Largest and Most Comprehensive Sex disaggregated Covid 19 Database
in September 2020, the International Centre for Research on Women (ICRW Asia)—in partnership with Global Health 50/50 and the African Population and Health Research Center (APHRC)—launched the world’s largest and most comprehensive sex-disaggregated COVID-19 database. Dr. Ravi Verma, Director of ICRW Asia and an advisor for the partnership, discusses what insights the data has to offer—and how it can help inform national and international responses to the pandemic.
Ravi: This partnership is a unique attempt to understand how COVID-19 is impacting people differently due to sex and gender—both in terms of biology as well as the social environment, structures and norms—and to produce the data needed for truly gender-responsive approaches to the pandemic.
Global Health 50/50’s international framework, combined with regional and country-specific perspectives from ICRW Asia and APHRC, allows us to create a more comprehensive body of evidence on the extent to which countries are gathering this data and making it public. The resulting database allows us to better advocate for more consistent and credible data, and to provide insights for countries to respond to the unique segments of their population.
Tracking over 170 countries across the world, the dashboard represents the first systematic data-gathering process to understand how men and women are being differentially impacted by COVID-19. Overall, while cases are evenly reported among both men and women, men account for 40 percent more COVID-19 deaths. Gendered differences exist along the clinical pathway, from testing through to intensive care admissions.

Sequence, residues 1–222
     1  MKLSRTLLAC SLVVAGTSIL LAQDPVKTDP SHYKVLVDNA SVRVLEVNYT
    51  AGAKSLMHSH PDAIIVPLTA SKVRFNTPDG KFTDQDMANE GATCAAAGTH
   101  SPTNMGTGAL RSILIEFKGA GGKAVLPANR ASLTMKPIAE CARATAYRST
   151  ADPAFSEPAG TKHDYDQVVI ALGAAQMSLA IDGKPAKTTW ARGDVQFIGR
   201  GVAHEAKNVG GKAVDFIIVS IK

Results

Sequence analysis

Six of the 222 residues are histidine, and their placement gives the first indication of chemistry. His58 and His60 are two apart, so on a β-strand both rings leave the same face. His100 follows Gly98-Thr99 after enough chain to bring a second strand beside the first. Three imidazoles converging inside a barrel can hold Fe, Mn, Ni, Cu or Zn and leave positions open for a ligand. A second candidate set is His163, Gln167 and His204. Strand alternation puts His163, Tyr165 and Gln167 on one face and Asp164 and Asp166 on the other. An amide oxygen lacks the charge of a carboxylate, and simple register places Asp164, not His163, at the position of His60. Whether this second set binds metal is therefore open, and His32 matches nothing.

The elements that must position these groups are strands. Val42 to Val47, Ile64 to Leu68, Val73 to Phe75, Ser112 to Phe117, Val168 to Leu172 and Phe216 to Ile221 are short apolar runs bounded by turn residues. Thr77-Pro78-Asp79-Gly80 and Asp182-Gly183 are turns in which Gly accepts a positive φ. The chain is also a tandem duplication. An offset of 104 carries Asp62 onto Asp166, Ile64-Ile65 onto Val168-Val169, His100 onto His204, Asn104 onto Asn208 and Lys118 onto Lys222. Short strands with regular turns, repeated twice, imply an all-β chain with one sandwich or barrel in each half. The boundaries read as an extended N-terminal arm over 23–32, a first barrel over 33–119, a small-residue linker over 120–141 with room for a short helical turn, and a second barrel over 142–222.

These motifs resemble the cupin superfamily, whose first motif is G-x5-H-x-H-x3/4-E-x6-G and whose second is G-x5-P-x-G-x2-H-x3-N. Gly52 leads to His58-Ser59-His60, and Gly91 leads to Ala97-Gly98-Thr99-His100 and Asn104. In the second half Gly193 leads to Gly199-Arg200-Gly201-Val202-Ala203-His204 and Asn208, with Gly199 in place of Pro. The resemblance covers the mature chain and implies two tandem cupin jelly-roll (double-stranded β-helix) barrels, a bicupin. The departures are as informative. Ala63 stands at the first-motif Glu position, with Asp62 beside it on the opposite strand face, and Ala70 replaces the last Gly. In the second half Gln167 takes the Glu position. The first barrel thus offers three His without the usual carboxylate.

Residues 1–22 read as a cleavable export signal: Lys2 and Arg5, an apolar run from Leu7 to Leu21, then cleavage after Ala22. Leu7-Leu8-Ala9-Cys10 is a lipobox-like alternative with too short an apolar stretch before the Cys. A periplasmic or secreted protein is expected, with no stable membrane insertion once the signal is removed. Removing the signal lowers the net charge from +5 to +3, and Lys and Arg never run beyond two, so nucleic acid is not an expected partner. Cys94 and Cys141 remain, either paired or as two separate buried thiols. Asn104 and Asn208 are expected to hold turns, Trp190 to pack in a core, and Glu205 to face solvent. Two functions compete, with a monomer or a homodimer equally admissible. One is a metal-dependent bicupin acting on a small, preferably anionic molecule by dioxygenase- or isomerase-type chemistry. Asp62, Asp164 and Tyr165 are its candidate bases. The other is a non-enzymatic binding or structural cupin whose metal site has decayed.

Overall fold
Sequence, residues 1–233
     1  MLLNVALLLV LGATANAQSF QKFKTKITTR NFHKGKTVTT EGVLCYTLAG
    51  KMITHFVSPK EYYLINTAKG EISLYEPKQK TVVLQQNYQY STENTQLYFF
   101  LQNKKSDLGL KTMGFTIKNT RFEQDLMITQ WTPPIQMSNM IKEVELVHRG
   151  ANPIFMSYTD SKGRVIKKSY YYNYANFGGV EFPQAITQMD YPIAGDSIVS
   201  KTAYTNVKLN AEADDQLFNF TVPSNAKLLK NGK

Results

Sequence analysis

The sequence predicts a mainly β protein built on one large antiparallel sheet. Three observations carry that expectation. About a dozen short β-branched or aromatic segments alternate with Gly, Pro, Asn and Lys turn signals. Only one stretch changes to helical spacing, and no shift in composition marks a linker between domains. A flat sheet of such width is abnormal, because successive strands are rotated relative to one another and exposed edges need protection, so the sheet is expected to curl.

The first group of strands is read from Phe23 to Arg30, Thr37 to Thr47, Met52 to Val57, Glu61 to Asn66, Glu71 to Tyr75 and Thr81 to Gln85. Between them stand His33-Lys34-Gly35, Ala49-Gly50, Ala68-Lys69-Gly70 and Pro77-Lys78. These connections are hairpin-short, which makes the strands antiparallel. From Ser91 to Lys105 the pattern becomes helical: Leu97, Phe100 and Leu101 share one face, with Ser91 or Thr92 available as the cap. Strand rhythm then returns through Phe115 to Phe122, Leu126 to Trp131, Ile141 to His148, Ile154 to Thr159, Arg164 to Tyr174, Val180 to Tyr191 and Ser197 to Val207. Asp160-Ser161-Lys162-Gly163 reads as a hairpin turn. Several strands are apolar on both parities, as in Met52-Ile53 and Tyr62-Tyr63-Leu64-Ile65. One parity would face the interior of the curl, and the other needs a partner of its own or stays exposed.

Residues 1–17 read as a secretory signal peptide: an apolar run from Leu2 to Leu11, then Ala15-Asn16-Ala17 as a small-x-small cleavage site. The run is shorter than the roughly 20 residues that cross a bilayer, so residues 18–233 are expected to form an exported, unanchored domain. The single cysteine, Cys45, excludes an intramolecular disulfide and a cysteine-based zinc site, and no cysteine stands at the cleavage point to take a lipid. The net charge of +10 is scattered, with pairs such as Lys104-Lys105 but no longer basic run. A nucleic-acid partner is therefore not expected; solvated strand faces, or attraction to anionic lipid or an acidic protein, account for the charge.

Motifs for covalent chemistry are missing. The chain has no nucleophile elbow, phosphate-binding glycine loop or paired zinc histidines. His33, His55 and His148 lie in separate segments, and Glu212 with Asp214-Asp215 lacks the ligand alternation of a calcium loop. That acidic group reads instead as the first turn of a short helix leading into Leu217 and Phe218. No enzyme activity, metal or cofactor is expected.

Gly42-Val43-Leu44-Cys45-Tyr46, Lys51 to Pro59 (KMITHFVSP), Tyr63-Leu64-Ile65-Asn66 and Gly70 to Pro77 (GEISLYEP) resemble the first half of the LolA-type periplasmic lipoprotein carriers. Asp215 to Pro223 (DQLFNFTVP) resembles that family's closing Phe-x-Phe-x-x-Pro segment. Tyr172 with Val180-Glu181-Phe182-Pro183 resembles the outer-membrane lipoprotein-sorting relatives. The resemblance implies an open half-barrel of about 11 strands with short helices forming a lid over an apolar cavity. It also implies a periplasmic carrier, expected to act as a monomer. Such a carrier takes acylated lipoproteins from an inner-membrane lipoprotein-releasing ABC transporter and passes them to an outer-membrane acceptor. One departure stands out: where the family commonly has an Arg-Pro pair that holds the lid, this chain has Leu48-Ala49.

However, fewer than one in three of the world’s countries are reporting sex-disaggregated data for both COVID-19 cases and deaths; among the 173 countries currently tracked, 75 reported no data separately for women and men in the last month.
For the partnership, It’s critical to think about both short-term and long-term implications. In the short term, we hope the data generated by this project will help inform policymaking, and in the medium term, that it will also help program personnel create gender-responsive strategies in their countries to reach the most vulnerable.
In the long term, we hope to provide an evidence-based, gender-responsive public health model. In order to keep building toward a more comprehensive body of evidence, we are urging governments to make a commitment to collect data—by both sex and gender—and make that data available to the wider community of practice.
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